Lawrence Weber is the "entrepreneur in residence" at Stony Brook University. Wednesday, he'll share his expertise -- gained from 15 years of work experience at a Fortune 500 company and running his own consultancy -- with would-be entrepreneurs.

At a talk before the Suffolk County Inventors and Entrepreneurs Club, Weber will offer advice on how to get a new product from idea to prototype and on creative ways to obtain funding for a new business. He said he also wants to aid potential entrepreneurs in understanding what they want out of starting a business.

At Stony Brook, Weber serves as the business development manager for the Center for Advanced Technology in Diagnostic Tools and Sensor Systems, and for the Center of Excellence in Wireless and Information Technology. Those two centers are funded to promote research and collaboration between the public and private sectors, Weber said, and he wants to share how entrepreneurs can take advantage of resources there.

"I'm on a mission to enhance economic impact in the state of New York," he said.

"A start-up company doesn't need a complicated business plan. You just need to show what you have and be able to back that up -- you have to be able to explain succinctly . . . why someone would want to buy your product and why they won't get the product from somewhere else."

Weber focuses his counseling at Stony Brook on start-ups in the technical engineering and information technology fields. He started his career as an academic -- obtaining a PhD in physical chemistry from Michigan State University and doing research at the Massachusetts Institute of Technology, before leaving to work at Port Washington-based Pall Corp.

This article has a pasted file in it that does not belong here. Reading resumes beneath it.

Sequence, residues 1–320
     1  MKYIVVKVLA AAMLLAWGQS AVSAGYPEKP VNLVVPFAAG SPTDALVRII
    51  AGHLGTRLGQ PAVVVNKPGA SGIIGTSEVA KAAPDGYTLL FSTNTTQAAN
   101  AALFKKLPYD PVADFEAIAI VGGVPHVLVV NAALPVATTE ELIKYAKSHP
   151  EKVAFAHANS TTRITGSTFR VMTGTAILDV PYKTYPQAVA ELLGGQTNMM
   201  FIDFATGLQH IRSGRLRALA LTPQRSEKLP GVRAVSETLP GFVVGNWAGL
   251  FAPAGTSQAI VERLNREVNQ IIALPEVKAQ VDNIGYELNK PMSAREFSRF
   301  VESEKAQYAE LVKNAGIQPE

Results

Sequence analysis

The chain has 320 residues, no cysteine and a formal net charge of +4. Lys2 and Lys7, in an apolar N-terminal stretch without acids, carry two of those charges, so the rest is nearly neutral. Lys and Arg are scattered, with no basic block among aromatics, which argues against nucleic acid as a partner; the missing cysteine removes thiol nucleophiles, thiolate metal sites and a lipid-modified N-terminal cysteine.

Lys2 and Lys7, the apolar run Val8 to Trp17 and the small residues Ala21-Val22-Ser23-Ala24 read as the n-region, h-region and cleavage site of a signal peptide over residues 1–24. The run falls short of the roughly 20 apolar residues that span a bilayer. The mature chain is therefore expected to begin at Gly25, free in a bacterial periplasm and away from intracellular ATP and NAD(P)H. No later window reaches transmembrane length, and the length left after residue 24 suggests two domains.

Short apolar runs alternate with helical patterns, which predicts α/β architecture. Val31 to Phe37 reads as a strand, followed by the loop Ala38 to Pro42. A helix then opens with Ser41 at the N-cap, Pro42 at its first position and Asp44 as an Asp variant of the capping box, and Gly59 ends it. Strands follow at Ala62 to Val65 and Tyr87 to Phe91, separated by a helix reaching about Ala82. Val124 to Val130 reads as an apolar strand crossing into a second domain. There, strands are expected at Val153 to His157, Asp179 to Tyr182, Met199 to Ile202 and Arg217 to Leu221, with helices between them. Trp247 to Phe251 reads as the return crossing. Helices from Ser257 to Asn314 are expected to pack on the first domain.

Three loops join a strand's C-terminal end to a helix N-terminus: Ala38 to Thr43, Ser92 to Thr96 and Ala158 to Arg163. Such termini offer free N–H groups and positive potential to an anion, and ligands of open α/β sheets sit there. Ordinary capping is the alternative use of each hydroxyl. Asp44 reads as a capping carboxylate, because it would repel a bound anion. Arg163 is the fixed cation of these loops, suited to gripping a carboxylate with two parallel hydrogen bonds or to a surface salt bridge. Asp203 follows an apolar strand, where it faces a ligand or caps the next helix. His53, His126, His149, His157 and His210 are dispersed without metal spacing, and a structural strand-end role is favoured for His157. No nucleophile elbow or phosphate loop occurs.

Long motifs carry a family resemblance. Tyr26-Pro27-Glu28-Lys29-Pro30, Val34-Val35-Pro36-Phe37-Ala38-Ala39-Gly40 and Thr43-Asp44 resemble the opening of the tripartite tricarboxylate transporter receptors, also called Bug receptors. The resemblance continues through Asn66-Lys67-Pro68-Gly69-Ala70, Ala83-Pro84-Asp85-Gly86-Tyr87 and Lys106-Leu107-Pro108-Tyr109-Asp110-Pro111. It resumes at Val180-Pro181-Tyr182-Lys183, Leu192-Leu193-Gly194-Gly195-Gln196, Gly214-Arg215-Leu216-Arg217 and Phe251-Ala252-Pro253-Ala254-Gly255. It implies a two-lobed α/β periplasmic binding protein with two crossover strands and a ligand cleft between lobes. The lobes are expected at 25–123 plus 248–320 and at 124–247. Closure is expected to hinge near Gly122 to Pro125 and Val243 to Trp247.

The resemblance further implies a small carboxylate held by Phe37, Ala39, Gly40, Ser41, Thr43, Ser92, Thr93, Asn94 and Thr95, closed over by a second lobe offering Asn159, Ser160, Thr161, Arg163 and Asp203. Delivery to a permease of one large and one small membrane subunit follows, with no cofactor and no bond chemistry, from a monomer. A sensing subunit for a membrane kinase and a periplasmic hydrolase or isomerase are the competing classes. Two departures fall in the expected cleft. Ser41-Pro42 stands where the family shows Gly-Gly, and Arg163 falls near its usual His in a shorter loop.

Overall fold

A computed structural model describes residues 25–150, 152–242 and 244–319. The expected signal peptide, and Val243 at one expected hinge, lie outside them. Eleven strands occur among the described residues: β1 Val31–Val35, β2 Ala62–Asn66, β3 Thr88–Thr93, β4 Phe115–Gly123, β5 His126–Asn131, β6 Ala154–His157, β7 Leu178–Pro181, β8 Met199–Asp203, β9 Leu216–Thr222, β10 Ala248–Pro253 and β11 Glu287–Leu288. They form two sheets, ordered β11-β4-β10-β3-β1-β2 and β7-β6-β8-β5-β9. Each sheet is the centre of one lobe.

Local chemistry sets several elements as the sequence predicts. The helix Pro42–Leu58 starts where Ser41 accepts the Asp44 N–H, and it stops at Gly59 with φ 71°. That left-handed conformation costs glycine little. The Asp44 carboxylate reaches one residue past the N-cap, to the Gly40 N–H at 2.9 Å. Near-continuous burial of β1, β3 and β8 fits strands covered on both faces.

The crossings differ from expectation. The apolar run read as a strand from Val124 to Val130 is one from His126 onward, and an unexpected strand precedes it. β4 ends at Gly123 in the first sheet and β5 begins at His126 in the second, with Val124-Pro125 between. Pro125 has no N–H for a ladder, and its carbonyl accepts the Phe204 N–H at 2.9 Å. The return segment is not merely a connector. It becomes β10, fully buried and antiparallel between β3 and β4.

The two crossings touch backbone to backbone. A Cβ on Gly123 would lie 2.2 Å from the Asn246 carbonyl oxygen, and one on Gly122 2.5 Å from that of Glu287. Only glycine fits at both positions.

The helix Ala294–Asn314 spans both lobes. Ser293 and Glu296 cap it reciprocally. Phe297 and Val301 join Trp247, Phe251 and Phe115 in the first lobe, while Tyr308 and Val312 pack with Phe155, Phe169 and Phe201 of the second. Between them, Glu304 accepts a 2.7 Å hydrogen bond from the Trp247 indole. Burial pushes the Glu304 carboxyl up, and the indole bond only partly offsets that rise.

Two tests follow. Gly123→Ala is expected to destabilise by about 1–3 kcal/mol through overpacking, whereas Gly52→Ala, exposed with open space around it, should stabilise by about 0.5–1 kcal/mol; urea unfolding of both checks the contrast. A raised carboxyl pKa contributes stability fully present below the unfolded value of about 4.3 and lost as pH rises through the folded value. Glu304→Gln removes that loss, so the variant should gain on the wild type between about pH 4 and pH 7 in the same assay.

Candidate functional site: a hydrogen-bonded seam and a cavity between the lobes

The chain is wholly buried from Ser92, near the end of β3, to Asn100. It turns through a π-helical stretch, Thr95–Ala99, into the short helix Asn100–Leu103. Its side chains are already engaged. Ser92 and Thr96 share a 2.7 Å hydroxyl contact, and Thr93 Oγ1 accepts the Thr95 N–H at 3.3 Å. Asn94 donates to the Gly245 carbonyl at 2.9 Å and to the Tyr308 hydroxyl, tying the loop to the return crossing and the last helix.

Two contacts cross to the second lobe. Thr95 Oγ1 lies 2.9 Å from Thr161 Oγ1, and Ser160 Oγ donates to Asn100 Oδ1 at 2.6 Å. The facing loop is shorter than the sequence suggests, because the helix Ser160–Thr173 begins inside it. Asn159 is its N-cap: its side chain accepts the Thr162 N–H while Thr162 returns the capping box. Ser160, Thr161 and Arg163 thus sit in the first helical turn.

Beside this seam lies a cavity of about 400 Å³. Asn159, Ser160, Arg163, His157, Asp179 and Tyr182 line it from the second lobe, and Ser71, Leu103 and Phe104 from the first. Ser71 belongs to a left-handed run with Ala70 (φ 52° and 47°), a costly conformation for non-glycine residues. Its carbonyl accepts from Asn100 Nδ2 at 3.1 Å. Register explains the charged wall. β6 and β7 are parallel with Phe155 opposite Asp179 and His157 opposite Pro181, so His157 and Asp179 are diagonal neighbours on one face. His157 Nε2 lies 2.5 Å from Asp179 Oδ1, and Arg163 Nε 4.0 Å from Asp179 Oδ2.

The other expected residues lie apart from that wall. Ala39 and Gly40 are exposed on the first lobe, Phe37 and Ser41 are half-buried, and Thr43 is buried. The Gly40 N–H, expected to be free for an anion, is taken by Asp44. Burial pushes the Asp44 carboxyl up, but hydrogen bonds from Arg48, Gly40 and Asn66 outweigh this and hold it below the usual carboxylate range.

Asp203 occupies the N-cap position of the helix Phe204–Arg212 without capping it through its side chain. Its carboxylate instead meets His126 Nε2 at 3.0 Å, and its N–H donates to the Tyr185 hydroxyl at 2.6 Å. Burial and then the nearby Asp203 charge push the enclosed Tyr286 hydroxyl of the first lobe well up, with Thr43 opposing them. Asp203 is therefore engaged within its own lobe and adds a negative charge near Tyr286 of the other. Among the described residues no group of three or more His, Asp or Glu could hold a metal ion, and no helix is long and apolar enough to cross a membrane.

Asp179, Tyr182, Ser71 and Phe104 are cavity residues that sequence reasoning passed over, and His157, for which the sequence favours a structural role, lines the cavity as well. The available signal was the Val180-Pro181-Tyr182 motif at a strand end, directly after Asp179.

He then left to start his own consulting company, TechMark Corp. in Brookhaven, before joining Stony Brook five years ago. Weber has held the title of entrepreneur in residence since 2009.

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Professionally, Weber's specialty is in technology commercialization -- bringing newly developed technologies to market so they can be sold and used. That skill set could be valuable in programs like Accelerate Long Island, which is trying to promote the growth of start-up businesses with new research and technology from local universities.

Weber said he has met with officials at Accelerate and hopes to expand on his ideas with them.

"We're really eager to work with guys like Larry; he's a very eager proponent of entrepreneurship and tech commercialization," said Mark Lesko, Accelerate's new executive director.

Weber's talk takes place at 7 p.m. at the H. Lee Dennison Building, 100 Veterans Hwy. in Hauppauge. It is free and open to the public.